Ma'an News Agency
November 13, 2009 - 1:00am

The Central Elections Commission does not have the capacity to hold elections on 24 January, the body's chairman Hanna Nasser announced on Thursday.

Nasser said in a Ramallah news conference that the commission sent a letter to President Mahmoud Abbas explaining the situation, and noting that it is not up to the commission to decide when to hold elections, if they are not held on the 24th. The decision will effectively postpone Palestinian presidential and legislative elections to an unknown date.

A statement from Abbas' office said the president would issue a decision "in light of this development" following consultation with Palestinian institutions and Basic Law experts.

Abbas' spokesperson blamed what he termed a "Hamas-imposed ban on the Central Elections Commission from entering Gaza" for the delay, calling it "evidence that Hamas does not value the unity of the homeland or national reconciliation."

During his initial announcement, Nasser explained that he met earlier with the speaker of the Palestinian Legislative Council and Hamas member Aziz Dweik, and asked him to approach the de facto government in Gaza about preparations for elections in the Strip. The idea of elections and preparations was not met with approval in Gaza, Nasser said.

Responding to the news, Hamas official Sami Abu Zuhri said he was not surprised that the elections would be postponed.

"This is a natural result of a lack of appropriate conditions," Abu Zuhri said. "It is evidence of the credibility of Hamas' position, which rejected the call for elections before reconciliation is achieved."

Fatah spokesman Ahmad Asaf said Hamas was responsible for delaying the elections.

"Hamas demonstrates yet again that it puts its own organizational interests and regional alliances ahead of the national interest of Palestinians," Asaf said. "Today we have a party that is callously threatening the results of an entire decade's worth of progress achieved by Palestinians and the Palestine Liberation Organization."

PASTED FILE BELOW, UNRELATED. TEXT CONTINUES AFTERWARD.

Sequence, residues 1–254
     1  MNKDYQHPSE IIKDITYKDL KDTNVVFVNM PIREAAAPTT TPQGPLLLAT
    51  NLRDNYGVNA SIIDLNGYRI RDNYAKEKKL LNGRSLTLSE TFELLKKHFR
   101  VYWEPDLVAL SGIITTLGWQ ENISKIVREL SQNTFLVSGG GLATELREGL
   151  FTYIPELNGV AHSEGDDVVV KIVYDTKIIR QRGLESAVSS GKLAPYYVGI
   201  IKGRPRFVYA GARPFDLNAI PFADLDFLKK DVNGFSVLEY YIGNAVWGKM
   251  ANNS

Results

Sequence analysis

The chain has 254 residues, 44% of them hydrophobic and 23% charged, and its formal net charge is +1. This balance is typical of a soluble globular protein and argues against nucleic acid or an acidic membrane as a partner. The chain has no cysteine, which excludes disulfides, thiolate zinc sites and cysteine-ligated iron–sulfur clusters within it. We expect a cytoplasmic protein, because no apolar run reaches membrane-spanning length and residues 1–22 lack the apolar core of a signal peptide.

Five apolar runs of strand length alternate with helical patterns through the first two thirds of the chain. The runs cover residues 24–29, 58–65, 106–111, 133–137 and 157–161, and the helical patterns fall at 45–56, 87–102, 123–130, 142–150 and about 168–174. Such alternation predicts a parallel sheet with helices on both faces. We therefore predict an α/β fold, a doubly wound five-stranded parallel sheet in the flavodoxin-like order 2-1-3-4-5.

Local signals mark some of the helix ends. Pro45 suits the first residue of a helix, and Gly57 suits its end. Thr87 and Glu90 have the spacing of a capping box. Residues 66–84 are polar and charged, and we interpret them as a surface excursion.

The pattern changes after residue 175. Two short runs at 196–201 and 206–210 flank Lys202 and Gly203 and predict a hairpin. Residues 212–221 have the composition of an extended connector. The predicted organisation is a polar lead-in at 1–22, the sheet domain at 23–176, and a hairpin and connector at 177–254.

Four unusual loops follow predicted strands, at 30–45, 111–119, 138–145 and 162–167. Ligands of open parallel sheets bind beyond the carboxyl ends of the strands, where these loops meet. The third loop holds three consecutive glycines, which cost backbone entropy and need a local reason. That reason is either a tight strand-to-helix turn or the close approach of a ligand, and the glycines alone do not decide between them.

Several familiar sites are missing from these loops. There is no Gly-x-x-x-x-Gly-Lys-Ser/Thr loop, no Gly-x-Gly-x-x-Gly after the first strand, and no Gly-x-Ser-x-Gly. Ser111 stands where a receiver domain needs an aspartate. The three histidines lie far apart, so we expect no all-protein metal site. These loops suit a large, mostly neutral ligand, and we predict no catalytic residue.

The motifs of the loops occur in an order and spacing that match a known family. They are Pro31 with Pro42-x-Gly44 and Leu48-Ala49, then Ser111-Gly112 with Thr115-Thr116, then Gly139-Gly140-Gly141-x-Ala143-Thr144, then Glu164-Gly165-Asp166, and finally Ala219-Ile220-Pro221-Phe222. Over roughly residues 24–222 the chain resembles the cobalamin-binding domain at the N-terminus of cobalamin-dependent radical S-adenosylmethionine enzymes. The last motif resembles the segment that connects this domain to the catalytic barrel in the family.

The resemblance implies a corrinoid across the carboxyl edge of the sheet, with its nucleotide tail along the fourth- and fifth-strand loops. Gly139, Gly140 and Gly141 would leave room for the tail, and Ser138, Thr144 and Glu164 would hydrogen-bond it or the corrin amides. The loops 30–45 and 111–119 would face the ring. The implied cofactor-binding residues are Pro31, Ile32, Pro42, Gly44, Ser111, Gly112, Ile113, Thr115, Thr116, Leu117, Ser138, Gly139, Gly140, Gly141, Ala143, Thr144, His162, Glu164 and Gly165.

In a statement, he added that by "preventing elections, Hamas is trying to destroy the Palestinian political system, which it damaged through its coup of Gaza in 2007, rejecting conciliation, and threatening to establish a new body other than the PLO."

"Hamas would rather deepen Palestinian division by focusing on its emirate in Gaza and by passing along messages to Israel, introducing itself as a substitute to Fatah and the PLO, and a partner in negotiations - even at the price of Palestinian national rights and to accept a walled-in state with temporary borders," Asaf added.

He concluded by slamming "Hamas adventures and carelessness vis-a-vis the fate of Palestinians, particularly at this historic moment during which the national Palestinian leadership is undergoing with patience and strength all the pressures aimed at violating our national and legitimate rights," and praised "the efforts of those who worked at the Central Elections Commission - before Hamas shut it down."

Abbas declared last week that he would not run for a second term as president of the Western-backed Palestinian Authority. In his announcement he said he felt frustrated by an inability to move forward on peace negotiations with Israel, but put much blame on Hamas for the situation in the Gaza Strip.

He cited Israel's failure to stop all settlement building in the West Bank and disappointment with the United States over its failure to back the Palestinians demand for a freeze.


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